In most Western countries, the slaughtering of livestock is governed by laws that require animals to be rendered insensible to pain before being shackled, hoisted and exsanguinated . Nonetheless, in respect for human rights and freedom of worship, some exceptions have been given to slaughtering in line with the requirements of any religious faith that recommends a mode of slaughter whereby animals die by cutting the jugular veins and carotid arteries with a sharp instrument . Because of the global population of Muslims and their interest in adhering to their religious doctrines, there is a robust market for meat obtained from animals slaughtered by the halal method [16,17]. Most non-Muslim consumers based their meat purchase decisions on the perception of safety and healthiness and sensory properties. Contrarily, Muslims consider the halal status of the meat before any other factors . For Muslims, meat produced in the halal way is considered to be of the highest spiritual and ethical quality. However, halal slaughter is considered cruel and contrary to scientific wisdom of those who think that the animal must first be stunned prior to being slaughtered in order not to compromise the welfare of the animal . These groups advocate for food labeling which identifies meat from animals slaughtered without stunning and they consider meat from such animals to be ideologically of the lowest quality . Moreover, meat processors prefer slaughter methods that yield the best quality meat and thus, this has created a lot of debate among religious leaders, animal welfare officials and meat processors. Thus, the objective of this study was to examine the effect of different methods of electrical stunning in comparison with slaughter without stunning on bleeding efficiency and shelf life of goat meat.
Materials and Methods
The experimental protocol was approved by the institutional animal care and use committee (IACUC) of the Universiti Putra Malaysia (Approval no. R052/2015).
Animals, stunning and slaughter procedure
Thirty-two Boer crossbred bucks (8–10 months old; average body weight of 29.956 ± 1.587 kg) reared under similar management system, were purchased from a commercial goat farm. Slaughtering of animals with or without stunning was performed under minimal anesthesia. The minimal anesthesia required to ensure that a fixed amount of electrical current is delivered. This is crucial, as the incidence of mis-stunning is common among conscious animals . Mis-stunning not only cause unintended tissue damage and welfare issues, but could result in higher number of animals required for the trial. Our prior studies [11,21], have also shown that there were no significant differences in terms of bleeding efficiency, physicochemical characteristics and shelf life between fully conscious and minimally anesthetized goats. The minimal anesthesia protocol used was in accordance with the procedures of Kaka et al.  and Gibson et al. . Administration of anesthesia was induced by rapid injection of 5mg/ kg propofol through the cephalic vein and maintained with halothane in 100% oxygen. The goats were randomly allotted into four groups of eight animals each and subjected to either slaughter without stunning (SWS), low frequency head-only (LFHO), low frequency head-to-back (LFHB) or high frequency head-to-back (HFHB) pre-slaughter electrical stunning. The slaughtering protocol was carried-out at the Research Abattoir of Animal Science Department, Faculty of Agriculture, Universiti Putra Malaysia.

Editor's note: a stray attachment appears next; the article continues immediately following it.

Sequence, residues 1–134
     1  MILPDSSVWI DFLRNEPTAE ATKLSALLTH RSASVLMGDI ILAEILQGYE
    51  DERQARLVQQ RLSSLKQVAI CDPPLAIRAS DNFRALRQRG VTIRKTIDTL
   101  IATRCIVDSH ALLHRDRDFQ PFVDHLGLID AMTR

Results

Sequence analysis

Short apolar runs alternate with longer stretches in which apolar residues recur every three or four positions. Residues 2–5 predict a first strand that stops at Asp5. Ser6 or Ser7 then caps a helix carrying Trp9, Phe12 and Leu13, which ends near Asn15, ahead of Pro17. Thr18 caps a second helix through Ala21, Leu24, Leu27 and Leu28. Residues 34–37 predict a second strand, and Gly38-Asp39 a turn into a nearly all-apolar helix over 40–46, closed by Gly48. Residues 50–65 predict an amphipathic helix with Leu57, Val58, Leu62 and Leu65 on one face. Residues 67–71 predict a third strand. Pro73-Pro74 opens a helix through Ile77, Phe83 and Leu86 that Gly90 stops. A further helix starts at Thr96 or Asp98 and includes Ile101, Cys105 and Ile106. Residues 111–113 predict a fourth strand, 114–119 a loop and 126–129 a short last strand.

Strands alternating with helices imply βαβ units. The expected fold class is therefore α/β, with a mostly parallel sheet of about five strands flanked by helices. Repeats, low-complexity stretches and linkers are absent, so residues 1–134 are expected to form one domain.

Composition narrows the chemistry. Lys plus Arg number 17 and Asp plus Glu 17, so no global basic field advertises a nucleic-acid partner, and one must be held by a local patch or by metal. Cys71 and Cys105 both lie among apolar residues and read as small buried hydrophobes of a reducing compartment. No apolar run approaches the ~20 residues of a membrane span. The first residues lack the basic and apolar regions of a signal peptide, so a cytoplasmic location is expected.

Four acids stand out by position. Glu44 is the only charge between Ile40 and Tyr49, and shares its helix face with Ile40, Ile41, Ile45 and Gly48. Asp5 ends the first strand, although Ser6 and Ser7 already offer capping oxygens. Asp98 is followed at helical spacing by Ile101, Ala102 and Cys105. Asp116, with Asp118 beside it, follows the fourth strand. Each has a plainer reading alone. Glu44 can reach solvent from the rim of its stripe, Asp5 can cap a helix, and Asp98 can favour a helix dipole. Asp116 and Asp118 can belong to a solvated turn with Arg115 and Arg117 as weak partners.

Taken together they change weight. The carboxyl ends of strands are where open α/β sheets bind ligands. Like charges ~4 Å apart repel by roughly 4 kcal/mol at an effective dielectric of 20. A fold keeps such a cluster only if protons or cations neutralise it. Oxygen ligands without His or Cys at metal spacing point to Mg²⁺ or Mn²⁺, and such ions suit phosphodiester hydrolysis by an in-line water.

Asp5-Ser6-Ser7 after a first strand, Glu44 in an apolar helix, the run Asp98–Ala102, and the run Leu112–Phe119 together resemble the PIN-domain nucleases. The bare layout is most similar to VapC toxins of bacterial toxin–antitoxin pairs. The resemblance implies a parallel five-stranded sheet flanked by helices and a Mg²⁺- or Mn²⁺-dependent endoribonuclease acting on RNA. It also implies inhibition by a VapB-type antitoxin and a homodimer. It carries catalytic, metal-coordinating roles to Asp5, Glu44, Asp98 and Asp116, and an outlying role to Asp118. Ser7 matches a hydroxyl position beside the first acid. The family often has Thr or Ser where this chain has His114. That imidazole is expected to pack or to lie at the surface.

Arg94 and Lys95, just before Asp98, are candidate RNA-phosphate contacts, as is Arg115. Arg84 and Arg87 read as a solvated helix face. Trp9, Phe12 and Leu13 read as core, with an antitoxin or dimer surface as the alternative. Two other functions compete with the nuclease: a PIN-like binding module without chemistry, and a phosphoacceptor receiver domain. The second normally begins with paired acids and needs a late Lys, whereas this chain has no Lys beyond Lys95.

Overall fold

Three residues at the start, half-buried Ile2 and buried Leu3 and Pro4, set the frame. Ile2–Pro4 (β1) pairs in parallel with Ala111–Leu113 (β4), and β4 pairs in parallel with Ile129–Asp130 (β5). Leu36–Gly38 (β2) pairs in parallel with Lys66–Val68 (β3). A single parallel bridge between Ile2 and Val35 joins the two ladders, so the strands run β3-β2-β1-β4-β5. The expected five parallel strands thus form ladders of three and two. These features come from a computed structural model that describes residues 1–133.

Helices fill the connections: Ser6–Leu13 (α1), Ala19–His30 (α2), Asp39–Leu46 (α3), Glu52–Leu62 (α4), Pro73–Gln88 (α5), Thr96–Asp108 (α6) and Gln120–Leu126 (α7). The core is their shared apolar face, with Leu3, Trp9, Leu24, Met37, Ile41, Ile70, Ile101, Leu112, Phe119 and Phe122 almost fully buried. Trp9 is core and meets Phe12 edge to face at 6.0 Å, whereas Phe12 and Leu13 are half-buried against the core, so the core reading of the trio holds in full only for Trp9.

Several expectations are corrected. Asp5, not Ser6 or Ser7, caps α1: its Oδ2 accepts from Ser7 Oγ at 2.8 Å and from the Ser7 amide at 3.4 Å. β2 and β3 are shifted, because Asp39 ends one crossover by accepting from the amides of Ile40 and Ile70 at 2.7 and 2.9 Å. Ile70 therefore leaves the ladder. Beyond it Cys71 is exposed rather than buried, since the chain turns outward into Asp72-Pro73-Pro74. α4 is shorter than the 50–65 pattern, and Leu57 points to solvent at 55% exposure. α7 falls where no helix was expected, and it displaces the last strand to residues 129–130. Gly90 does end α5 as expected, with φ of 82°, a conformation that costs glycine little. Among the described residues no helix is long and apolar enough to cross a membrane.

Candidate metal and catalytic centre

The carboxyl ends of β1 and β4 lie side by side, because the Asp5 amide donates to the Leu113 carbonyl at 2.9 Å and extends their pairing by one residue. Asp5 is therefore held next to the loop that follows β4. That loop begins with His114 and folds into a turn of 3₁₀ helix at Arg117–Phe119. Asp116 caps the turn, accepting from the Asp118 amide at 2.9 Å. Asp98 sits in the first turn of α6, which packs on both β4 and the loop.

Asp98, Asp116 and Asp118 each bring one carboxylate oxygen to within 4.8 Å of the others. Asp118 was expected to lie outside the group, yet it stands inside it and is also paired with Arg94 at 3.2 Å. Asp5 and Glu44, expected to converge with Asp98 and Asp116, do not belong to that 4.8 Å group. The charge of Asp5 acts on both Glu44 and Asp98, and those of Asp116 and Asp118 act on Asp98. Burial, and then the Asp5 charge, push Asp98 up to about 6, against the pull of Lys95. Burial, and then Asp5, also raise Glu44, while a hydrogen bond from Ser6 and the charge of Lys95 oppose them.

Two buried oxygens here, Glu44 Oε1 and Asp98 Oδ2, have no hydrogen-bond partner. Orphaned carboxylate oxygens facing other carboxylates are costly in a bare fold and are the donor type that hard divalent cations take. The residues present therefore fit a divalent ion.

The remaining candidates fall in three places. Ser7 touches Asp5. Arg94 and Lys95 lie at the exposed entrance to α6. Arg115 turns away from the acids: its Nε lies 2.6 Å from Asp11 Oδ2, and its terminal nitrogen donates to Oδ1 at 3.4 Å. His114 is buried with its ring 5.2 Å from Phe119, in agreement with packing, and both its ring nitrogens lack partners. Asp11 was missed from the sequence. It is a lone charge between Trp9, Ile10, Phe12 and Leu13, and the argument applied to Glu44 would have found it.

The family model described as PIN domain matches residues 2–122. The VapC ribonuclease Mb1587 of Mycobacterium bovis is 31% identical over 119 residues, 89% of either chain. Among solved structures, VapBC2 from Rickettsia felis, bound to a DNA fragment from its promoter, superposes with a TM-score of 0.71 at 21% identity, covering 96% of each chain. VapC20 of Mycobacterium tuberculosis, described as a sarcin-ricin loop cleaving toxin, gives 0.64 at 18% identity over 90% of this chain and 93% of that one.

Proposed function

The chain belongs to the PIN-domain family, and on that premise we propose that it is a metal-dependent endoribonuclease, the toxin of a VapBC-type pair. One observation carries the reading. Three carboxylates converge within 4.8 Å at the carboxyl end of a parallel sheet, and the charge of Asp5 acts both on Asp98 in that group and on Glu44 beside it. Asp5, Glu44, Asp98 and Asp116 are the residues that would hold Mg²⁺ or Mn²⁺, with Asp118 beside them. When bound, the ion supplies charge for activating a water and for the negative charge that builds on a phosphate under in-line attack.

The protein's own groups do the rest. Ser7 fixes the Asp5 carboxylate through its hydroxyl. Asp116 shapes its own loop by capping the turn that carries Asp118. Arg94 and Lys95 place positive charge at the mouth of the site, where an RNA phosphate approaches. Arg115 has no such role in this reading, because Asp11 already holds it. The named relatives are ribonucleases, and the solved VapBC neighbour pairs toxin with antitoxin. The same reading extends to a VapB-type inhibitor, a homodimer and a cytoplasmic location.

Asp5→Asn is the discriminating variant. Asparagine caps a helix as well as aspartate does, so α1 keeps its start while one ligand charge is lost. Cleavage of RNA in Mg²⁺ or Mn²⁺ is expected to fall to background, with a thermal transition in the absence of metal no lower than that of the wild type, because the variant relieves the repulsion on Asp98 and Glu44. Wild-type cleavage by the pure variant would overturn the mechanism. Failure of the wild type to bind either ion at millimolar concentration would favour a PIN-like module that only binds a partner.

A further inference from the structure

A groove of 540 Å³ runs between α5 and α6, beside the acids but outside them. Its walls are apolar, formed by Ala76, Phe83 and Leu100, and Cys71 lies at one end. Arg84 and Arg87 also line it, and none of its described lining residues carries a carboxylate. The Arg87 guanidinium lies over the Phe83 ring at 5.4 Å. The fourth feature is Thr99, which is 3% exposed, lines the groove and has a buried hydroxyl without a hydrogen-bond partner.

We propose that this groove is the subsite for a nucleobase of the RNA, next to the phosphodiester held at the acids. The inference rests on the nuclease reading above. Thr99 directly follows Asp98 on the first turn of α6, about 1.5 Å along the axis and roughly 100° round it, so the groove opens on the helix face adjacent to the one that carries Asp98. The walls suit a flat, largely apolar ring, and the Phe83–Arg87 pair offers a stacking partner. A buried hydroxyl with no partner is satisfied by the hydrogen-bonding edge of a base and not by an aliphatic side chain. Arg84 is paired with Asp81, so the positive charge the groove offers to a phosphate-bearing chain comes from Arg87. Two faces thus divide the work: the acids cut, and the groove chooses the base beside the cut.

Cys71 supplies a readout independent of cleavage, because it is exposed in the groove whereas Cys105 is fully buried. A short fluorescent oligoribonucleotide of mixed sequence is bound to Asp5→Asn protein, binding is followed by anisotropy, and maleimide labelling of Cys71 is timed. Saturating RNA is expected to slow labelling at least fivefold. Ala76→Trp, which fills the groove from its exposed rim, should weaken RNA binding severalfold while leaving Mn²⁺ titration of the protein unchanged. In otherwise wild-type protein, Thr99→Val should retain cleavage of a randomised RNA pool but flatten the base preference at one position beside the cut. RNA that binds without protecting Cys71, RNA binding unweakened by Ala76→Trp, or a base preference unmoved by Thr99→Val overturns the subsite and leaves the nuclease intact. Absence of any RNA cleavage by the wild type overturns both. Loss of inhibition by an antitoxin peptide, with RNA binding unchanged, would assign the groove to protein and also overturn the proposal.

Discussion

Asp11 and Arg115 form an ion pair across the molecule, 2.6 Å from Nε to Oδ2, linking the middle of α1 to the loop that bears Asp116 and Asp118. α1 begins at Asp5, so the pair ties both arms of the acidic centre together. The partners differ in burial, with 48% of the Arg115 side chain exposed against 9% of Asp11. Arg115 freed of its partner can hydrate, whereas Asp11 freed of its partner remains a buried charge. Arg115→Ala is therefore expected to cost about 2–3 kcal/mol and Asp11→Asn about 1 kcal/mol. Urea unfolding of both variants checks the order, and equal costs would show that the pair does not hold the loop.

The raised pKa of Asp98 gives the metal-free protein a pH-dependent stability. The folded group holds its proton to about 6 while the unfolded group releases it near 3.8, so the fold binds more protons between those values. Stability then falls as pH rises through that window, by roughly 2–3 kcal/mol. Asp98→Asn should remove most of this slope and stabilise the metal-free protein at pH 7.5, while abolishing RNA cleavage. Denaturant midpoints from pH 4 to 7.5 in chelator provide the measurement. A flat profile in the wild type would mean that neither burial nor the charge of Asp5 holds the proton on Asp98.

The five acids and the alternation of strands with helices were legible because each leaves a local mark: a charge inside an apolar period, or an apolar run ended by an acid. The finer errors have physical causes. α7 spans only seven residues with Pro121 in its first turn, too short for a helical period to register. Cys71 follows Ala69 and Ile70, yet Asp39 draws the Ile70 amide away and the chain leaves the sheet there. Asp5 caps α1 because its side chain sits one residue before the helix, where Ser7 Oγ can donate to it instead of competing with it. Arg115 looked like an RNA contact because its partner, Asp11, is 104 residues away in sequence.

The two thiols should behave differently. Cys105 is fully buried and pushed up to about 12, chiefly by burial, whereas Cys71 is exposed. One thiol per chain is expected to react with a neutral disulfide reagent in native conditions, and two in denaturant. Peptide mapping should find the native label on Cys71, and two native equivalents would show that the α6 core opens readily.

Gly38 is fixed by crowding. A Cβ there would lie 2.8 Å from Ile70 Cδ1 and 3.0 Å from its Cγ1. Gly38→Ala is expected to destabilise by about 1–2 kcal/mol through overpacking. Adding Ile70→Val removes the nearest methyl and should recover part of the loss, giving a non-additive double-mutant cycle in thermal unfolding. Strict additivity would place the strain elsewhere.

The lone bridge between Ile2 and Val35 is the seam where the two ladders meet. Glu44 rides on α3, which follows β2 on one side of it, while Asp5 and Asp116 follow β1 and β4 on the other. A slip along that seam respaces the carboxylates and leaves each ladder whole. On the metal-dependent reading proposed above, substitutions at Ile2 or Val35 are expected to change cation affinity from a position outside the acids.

In the first group, the goats were slaughtered without stunning (SWS). The second group were stunned electrically by low frequency head-only method (LFHO) at a constant current of 1.0 A at 50 Hz for 3 s. The third group were electrically stunned with low frequency head-to-back method (LFHB) at a constant current of 1.0 A at 50 Hz for 3 s. In the last group, goats were electrically stunned by high frequency head-to-back method (HFHB) at a constant current of 1.0 A at 850 Hz for 3 s. Voltage was automatically adjusted according to the impedance of the animal’s head tissues. The stun was applied using electrical stunning transformer type CS-1 manufactured by Karl Schermer (Ettlingen, Baden-Württemberg, Germany). The stunning system was connected either through double-electrode scissor-type dry stunning tongs (Z3, Karl Schermer, Ettlingen, Germany) or triple-electrode, with an integral water spray, tongs (2A Handset, Kentmaster, Hartlebury, United Kingdom) to apply LFHO, LFHB and HFHB electrical stunning, respectively. The LFHO electrical stunning system comes together with a gun grip which is made of plastic insulating stainless steel electrodes, While the LFHB and HFHB electrical stunning system consist of two frontal stainless steel tongs and a third caudal (35cm) stainless steel plate electrode. The head electrodes are placed between the eyes and the ears on both sides for LFHO, while for LFHB and HFHB electrical stunning techniques, the head electrodes are placed behind the ears and the third electrode is placed on the vertebral column behind the position of the heart. The animals in the four treatments were humanely slaughtered following the guidelines outlined by the Department of Standards Malaysia  for halal slaughter practices.
Muscle sampling and postmortem storage